By Marty Mulrooney
The Woman In Black is a horror film directed by James Watkins, based on the classic Susan Hill novel of the same name. Set during the Edwardian era, it is produced by Hammer Film Productions and stars Daniel Radcliffe as Arthur Kipps, a young solicitor who is sent to the English coast to attend to the estate of a woman named Alice Drablow who has recently died. Once there, he must travel to Eel Marsh House, located near dense marshes and cut off from the mainland during high tide. Attending to paperwork, he captures glimpses of a mysterious woman in black. The locals in the nearby town seem frightened and their children even more so. What could possibly have the power to terrify so greatly? Soon, Arthur Kipps will find out…
The Woman In Black is regarded by many as one of the most chilling ghost stories of all time – the 1983 novel possesses a timeless quality that still has the power to scare to this very day. The stage play adaptation (reviewed on AMO here) has been running since 1987, continually thrilling critics and audiences alike. ITV also aired a television version in 1989 that was nominated for four BAFTA awards. This new film adaptation takes the book as its inspiration (the stage play made several notable additions to the story), but by no means is this a straight-up retelling. Jane Goldman’s script makes several changes to a familiar tale, some welcome, others less so.
Daniel Radcliffe, fresh from filming the final Harry Potter film, makes a pleasing Kipps, though he does appear slightly too young to be the father of a four-year-old boy. Nonetheless, he looks the part and plays it well. The plot point of a son who needs supporting after his mother’s death also gives incentive for Kipps to not only make the journey to Eel Marsh House, but keep returning despite the ghostly apparitions he witnesses. Everyone acts their parts well, although some of the supporting cast can seem slightly hammy at times in their depictions of regular folk who live their lives in fear of something they don’t fully understand.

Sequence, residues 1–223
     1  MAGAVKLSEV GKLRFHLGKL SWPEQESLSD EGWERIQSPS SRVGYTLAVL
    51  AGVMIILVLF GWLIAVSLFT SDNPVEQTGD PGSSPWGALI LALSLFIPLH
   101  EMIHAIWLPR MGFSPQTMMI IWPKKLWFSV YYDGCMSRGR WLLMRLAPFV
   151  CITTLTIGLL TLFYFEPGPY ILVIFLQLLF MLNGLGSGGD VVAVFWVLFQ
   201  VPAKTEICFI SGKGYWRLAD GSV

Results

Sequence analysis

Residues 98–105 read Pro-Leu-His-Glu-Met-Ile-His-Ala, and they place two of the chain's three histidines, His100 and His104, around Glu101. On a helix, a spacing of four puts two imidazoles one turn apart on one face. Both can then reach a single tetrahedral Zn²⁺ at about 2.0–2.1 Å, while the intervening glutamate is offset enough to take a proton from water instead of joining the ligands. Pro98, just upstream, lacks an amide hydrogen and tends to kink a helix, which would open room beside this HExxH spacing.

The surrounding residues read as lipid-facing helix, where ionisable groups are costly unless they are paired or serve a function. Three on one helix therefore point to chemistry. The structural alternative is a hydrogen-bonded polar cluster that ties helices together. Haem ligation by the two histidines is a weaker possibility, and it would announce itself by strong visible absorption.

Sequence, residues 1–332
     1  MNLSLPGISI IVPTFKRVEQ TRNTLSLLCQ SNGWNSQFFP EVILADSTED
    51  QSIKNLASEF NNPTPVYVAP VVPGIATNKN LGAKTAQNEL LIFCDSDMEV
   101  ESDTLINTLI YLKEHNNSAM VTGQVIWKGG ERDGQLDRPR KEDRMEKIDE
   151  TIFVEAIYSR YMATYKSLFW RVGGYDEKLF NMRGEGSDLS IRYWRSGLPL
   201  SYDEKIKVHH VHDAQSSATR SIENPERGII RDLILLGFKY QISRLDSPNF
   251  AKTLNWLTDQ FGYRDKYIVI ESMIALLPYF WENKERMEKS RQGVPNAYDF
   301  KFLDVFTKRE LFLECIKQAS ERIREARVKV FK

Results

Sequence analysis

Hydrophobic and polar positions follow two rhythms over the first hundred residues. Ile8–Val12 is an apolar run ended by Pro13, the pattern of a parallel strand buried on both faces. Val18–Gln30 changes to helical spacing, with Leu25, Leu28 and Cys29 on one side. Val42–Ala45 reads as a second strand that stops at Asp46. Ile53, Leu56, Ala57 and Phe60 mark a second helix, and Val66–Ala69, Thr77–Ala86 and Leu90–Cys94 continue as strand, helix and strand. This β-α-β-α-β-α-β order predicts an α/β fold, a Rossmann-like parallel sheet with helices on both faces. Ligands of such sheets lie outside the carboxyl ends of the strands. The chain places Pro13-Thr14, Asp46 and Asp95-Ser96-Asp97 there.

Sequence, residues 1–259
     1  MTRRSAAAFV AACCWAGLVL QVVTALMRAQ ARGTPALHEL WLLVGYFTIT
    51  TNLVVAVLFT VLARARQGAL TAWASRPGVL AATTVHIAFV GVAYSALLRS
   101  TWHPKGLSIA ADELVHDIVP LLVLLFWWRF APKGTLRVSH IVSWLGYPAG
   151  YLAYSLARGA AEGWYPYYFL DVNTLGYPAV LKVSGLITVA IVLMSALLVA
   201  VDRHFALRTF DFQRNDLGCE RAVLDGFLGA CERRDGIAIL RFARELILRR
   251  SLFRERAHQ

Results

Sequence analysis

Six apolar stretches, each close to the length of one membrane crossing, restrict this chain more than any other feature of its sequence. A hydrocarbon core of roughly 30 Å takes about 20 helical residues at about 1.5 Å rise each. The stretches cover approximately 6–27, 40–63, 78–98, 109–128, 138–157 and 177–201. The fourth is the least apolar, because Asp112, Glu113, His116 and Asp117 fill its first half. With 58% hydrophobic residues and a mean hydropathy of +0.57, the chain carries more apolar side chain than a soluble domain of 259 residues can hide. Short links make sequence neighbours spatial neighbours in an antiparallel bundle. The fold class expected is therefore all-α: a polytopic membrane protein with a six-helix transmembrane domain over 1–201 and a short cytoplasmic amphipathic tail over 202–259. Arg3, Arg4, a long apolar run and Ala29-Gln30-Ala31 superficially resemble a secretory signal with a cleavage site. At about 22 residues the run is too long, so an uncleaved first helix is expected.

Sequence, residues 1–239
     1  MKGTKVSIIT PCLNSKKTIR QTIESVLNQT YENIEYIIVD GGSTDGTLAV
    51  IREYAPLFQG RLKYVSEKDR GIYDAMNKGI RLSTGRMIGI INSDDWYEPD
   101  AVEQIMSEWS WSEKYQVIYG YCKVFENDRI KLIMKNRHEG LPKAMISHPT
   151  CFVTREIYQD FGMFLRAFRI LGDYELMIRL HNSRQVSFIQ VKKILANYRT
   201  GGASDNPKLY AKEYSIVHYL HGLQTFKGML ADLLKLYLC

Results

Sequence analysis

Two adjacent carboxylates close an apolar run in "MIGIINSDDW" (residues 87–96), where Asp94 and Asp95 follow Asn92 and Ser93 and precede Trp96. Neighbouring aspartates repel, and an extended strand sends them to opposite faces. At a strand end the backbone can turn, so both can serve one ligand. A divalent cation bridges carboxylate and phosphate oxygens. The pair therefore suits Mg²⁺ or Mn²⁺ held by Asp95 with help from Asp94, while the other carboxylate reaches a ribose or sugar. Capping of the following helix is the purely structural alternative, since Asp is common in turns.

The main problem is that the original story, rich in detail, is told in a perfunctory manner. There are scary moments aplenty, good old-fashioned scares that don’t need to rely on gore. The special effects are subtle and Eel Marsh House itself is a master of both sound and visual design. Yet authentic relationships between the characters are largely absent. Being alone in Eel Marsh House is a terrifying thought – in both the book and play, the company of a dog or a fellow human being offers welcome respite from this fear, however momentary and fleeting. The dog still makes an appearance and Ciarán Hinds as wealthy landowner Sam Daily is likeable enough, but the opportunity to show Kipps truly bonding with these characters is ultimately missed.
Instead, the film relies on the concept of a haunted house brought to life. Doors lock themselves, chairs rock back and forth and candles blow out. Creepy children’s toys stare with dull eyes, screaming inwardly as their mechanical insides whir tinkling lullabies of death. The woman in black is most terrifying when she simply appears in the frame, watching. Waiting. When the filmmakers have her float towards Daniel Radcliffe, open mouthed and screaming, they get a reaction, but it’s cheap. Isn’t causing the death of innocent children horrifying enough? Hammer Film Productions reportedly shaved 6 seconds of footage from The Woman In Black to lower the rating from a 15 to a 12A in the UK. This move is very telling – there is no doubt a better film lurking, much like the woman in black, within this production. It caters too much to the mainstream and makes concessions for the easily pleased, but when it works, it’s eerie and effective.
The Woman In Black, despite the negatives expressed in this review, is not a bad film at all. Visually, it captures the source material extremely well and there are several moments that successfully bring the spirit of the book to life. Daniel Radcliffe proves that there is more to his acting than just Harry Potter, and the new ending is surprisingly effective, able to be viewed in several different ways. Its a good film, but it could have done with more mystery and uncertainty to it. This is a motion picture that deals predominantly with death – in the end, it just needed a little bit more life.
7.5 OUT OF 10